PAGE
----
Juan Carlos Rico

Tourism: towards the consumption of culture

Juan Carlos Rico

Tourism: towards the consumption of culture

(research project)

Part One: The Preamble

The title of this text begins with the confusing title of cultural consumption, since in reality they seem to be two opposing concepts. Even so, I stand by it because I foresee that, unfortunately, in the years to come, culture will move closer to the principles of consumption, which will mean the loss of its essence. But let's take it one step at a time

What do we mean by consumption? If we refer to its definition and meaning, it is: the action of consuming food, goods or energy and, more specifically, using and/or spending a product, good or service to meet both primary and secondary human needs. In both cases it seems to speak of a closed process, with a beginning and an end, where the food, good or energy disappears definitively.

What do we mean by culture? This term is much more complex to encompass, as is shown by its use throughout history. This is how I explained it in the book Art, science and filoso a: three related immanent processes:

At the moment, doing studies on anthropology, it has struck me that the concept of culture is something very complex, extremely permeable and totally incomprehensible to define in some way, although many other adjectives could be added. I have the impression that its meaning, which we all seem to intuit, is much more nebulous than it appears at first glance.

Cultural consumption comes to be defined as "the set of processes of appropriation and uses of products in which symbolic value prevails over use and exchange values, or where at least the latter are configured subordinate to the symbolic dimension.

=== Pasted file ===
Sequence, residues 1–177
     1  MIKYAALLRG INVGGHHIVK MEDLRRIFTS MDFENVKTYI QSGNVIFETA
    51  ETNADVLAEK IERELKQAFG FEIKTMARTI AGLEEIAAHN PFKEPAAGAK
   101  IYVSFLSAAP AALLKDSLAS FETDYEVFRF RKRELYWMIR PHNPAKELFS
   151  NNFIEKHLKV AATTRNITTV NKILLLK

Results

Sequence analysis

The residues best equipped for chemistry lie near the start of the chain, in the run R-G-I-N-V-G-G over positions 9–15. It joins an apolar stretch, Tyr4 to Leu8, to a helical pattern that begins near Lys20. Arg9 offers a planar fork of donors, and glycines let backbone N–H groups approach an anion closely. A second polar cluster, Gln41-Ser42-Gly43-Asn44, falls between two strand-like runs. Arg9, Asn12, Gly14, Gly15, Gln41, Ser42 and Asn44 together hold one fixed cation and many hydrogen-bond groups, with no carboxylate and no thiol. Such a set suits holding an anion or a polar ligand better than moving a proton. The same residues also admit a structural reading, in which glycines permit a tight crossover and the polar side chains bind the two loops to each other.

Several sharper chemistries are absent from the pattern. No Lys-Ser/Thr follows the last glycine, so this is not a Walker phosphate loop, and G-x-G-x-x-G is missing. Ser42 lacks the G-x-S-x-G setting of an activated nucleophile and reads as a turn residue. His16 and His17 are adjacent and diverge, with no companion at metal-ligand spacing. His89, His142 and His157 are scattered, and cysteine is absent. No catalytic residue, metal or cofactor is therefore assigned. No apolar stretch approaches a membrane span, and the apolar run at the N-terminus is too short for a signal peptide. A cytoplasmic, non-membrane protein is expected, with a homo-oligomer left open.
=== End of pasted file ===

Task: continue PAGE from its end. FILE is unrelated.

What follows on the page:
For Bourdieu, the term "cultural consumption" alludes to a specific logic of economic goods, where consumption is the form of appropriation of cultural goods by social agents.

The cultural factors that influence consumer behaviour refer to customs, traditions, lifestyles, and even the territory occupied by consumers, which in some way have an impact on the way they relate to brands, products and services.

The difficulty of reconciling the two terms/concepts

In any case, and despite the lack of definition of the concept of culture, it seems clear, at least in my opinion, that the fundamental difference is that culture is an open process, which means that it grows or diminishes with the passing of time, that its reception is always different and that it never ends, and this is the important thing, it is never finished, it is unlimited. Think of music, literature and art, every time we are confronted with them we acquire new sensations and knowledge.

How can such a wide-ranging process be enclosed in something as closed as consumption, this is the fundamental question to focus on. And associated with this other very important one, which I am convinced many institutions and companies are asking themselves: Can culture be economically profitable?

A work of fiction to try to explain it

I spent a long time thinking, reading and researching about all this, but I couldn't come up with clear guidelines as to how the process could be and, encouraged by some students, I resorted to breaking away from the rigid rules of the research paths and moving on to the liberated fiction where nothing tied me down.